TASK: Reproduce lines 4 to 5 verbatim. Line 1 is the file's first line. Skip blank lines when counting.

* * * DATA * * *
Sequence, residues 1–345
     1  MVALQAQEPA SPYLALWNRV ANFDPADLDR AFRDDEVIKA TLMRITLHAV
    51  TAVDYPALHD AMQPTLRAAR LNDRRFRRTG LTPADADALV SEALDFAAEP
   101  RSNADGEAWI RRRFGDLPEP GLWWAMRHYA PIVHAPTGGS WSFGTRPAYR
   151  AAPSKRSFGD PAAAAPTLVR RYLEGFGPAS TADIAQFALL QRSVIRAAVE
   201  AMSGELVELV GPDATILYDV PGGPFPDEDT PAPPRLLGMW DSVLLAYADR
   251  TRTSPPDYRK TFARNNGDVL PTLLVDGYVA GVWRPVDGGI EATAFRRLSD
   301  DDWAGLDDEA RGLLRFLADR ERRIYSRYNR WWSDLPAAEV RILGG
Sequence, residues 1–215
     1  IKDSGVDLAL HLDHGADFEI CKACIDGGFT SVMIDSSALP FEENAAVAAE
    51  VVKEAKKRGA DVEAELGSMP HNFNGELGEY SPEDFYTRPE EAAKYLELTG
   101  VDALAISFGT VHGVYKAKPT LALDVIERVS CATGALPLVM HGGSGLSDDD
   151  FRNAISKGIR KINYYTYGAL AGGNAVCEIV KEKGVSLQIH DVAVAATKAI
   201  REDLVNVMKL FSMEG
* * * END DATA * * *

   101  RSNADGEAWI RRRFGDLPEP GLWWAMRHYA PIVHAPTGGS WSFGTRPAYR
   151  AAPSKRSFGD PAAAAPTLVR RYLEGFGPAS TADIAQFALL QRSVIRAAVE